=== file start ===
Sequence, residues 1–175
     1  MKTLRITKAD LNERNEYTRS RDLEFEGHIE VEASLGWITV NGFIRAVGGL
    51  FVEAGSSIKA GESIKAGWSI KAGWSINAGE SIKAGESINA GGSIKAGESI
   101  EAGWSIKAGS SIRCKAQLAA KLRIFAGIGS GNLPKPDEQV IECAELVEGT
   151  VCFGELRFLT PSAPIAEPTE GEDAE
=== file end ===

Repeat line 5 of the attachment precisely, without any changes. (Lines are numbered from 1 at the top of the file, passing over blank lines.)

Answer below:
   151  VCFGELRFLT PSAPIAEPTE GEDAE